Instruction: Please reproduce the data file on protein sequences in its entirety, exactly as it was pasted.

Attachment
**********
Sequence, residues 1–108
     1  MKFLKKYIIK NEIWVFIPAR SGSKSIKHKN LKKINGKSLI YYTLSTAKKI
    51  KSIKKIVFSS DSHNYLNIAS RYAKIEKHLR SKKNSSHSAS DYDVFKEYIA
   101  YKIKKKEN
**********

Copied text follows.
Sequence, residues 1–108
     1  MKFLKKYIIK NEIWVFIPAR SGSKSIKHKN LKKINGKSLI YYTLSTAKKI
    51  KSIKKIVFSS DSHNYLNIAS RYAKIEKHLR SKKNSSHSAS DYDVFKEYIA
   101  YKIKKKEN